Tuesday, December 05, 2006

New York City bans trans fats in restaurants

The AP's Jocelyn Noveck offers this summary, dated just a few minutes ago (via Washington Post) ...
New York on Tuesday became the first city in the nation to ban artery-clogging trans fats at restaurants, leading the charge to limit consumption of an ingredient linked to heart disease and used in everything from french fries to pizza dough to pancake mix.
... and finds several person-in-the-street interviewees who support the new ban:
"I don't care about what might be politically correct and what's not," said Murray Bader, nursing a cup of coffee at Dunkin' Donuts on Tuesday morning. "I want to live longer!"
Trans fats are found in baked goods, deep-fried foods, hard margarines, and to a lesser extent meats. They tend to raise the "bad" kind of blood cholesterol. They have few defenders.

Even so, I must admit to fearing that this ban might overreach. Many products in the marketplace are bad for us. Only those products with the highest risks and no redeeming features should be banned. For those products that merely increase risks and have some merits, well-informed consumers can weigh the risk for themselves.

fats may be a borderline case. In your own reflection, ask yourself why trans fats should be banned in restaurants but not barbecue pork ribs? Why ban trans fats in restaurants but not butter-drenched baked treats? Or, following Kate at Accidental Hedonist, why ban trans fats in restaurants but not trans fats in properly labeled manufactured foods such as potato chips?


Anonymous said...

This decision makes me wonder where "we" are at as a soceity. Are "we" beyond the point of being able to make an educated decision about food choices? Can we no longer be responsible for caring for ourselves?

Anonymous said...

Rather than bans, I'd rather see better nutrition labeling and education, so that customers can make educated decisions about their health.

Anonymous said...

Jeanne and Stacy -
As of Jan 2006 trans fats information in proceessed foods are required on the nutrition facts panel on food labels. I agree that people can make their own decisions about food but in NYC they tried to get the restaurants to label trans fats in foods (and post other nutrition information) it didn't happen in legislation or voluntarily - we can debate whether it is appropriate to ban an ingredient in food - but it is hard to argue that people have a choice in restaurants if they do not know trans fats are in the food in the first place.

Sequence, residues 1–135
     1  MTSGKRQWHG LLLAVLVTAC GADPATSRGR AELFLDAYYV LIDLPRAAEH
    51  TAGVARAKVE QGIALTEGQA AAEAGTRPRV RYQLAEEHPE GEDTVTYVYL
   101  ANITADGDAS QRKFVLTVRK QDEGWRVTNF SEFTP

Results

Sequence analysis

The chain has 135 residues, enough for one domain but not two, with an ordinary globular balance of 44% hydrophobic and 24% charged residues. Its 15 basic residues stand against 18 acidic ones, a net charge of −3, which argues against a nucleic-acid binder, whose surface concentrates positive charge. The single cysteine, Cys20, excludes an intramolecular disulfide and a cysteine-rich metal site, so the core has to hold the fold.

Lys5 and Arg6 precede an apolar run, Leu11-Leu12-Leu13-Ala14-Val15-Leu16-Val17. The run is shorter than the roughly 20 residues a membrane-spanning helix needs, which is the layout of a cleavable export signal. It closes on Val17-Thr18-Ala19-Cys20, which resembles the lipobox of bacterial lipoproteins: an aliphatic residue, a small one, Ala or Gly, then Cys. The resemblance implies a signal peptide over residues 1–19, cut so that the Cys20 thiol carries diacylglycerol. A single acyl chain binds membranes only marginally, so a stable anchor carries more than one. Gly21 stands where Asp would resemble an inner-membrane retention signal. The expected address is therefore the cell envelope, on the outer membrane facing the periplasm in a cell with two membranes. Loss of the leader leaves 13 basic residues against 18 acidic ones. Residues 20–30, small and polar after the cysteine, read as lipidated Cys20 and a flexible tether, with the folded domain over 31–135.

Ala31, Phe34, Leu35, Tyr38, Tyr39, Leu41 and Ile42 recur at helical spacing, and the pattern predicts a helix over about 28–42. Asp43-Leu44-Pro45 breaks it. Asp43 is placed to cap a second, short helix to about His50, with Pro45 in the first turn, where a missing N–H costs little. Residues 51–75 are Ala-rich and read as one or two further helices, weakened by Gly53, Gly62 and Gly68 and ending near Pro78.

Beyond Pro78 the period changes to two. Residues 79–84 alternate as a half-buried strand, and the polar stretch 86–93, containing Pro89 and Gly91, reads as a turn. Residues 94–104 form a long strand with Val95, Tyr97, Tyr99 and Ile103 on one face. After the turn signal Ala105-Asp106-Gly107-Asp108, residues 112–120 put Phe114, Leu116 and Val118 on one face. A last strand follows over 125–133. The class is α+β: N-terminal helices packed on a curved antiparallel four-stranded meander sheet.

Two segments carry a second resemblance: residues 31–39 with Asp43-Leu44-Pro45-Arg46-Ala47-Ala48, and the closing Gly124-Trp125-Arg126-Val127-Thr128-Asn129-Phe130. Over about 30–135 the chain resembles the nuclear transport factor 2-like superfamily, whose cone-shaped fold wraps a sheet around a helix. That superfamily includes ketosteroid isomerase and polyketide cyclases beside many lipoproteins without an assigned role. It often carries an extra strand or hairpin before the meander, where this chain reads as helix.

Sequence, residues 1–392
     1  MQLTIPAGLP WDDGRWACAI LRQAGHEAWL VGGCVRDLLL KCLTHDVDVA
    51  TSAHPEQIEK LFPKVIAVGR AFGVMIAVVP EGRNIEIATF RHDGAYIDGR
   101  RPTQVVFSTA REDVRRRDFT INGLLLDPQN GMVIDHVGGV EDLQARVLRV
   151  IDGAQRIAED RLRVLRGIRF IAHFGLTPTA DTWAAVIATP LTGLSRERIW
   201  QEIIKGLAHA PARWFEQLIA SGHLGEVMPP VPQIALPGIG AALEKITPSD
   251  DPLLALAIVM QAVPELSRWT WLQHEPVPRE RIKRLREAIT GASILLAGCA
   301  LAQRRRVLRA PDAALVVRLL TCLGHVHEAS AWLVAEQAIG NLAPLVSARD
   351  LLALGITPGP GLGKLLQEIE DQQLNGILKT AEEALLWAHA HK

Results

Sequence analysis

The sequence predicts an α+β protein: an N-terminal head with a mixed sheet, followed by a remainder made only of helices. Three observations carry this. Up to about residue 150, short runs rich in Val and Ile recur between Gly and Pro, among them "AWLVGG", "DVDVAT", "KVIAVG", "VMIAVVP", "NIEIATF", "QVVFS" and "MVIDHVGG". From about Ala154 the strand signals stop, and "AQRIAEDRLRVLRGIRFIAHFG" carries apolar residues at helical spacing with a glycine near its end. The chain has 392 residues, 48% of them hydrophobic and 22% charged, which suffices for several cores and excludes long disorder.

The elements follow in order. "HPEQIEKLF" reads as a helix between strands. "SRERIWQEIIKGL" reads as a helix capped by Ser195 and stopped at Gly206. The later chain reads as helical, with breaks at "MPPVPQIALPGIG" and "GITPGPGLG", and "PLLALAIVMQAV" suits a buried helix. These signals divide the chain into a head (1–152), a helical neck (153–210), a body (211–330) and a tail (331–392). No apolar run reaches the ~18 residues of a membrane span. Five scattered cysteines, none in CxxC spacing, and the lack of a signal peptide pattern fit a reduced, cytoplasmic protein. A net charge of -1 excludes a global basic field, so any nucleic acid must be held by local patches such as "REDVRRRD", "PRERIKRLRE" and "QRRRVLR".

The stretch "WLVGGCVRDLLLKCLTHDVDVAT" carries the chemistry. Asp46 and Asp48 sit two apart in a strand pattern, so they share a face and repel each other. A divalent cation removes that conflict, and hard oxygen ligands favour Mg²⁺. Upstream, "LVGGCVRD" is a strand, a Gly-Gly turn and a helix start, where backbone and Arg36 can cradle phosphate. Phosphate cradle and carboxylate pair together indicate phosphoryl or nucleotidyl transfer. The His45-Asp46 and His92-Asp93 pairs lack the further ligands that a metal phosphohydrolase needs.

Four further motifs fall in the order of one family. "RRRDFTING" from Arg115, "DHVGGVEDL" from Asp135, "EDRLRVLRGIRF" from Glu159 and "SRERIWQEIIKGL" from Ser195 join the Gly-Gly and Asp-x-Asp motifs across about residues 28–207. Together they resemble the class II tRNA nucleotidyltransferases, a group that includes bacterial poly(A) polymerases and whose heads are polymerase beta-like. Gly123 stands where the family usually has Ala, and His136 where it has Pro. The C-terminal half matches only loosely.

Anonymous said...

The calorie display portion of the law may turn out to be more important. The only thing is, most people think they can eat 2,500 calories a day (or more, if you're a "big guy"). The FDA should lower the Nutrition Facts label standard to a more realistic 2,000 calories, as they're considering doing in England.

The whole trans fat thing smells like another irrational hysteria to me, like high fructose corn syrup, which has been recently debunked. Trans fat is bad, really bad, just like saturated fat: no better, no worse. Any research results to the contract have been isolated and inconclusive.

J said...

The next problem is going to be that consumers are going to think that cookies and cakes that are free of trans fats are suddenly good for them. So while our arteries may thank us, our waistlines aren't going anywhere.

Anonymous said...


Just wanted to let you know I linked to your blog in my column on CBSNews.com today. Thanks!

If you want to take a look, here's the link: http://www.cbsnews.com/stories/2006/12/11/blogophile/main2249155.shtml



Anonymous said...

What I read about Trans fats doesn't square with these comments. Trans fats are artificially produced (processed) and the dangers of consuming them are not the same as consuming saturated fats. There are scientists such as Mary Enig (just Google her to read all about her) who will clearly argue that saturated fats have never really been proven to lead to heart disease while Trans fats have been.

There is no one arguing that there is an acceptable level of Trans fat whereas there is an argument (albeit a minority) that saturated fats can be part of a healthy diet.

Therefore there is no health argument for using Trans fats in food - only an economic one. Why does economics ever trump health?

Unknown said...

BTW, Mark,
I would love to learn more about the "debunking" of the "irrational" high fructose corn syrup "hysteria." Where can I read about that?

Anonymous said...

I wanted to point everyone towards a discussion of the Trans Fat ban by Yale Rudd Center for Food Policy & Obesity researcher Kelly Brownell: http://ruddsoundbites.typepad.com/rudd_sound_bites/2007/05/why_get_rid_of_.html#more

Brownell argues in an editorial co-written with Harvard nutrition professor Walter Willett that banning trans fats is a way for the government to set "optimal defaults" for health behavior, such as automatic air bags, fluoride in the water and required childhood vaccines.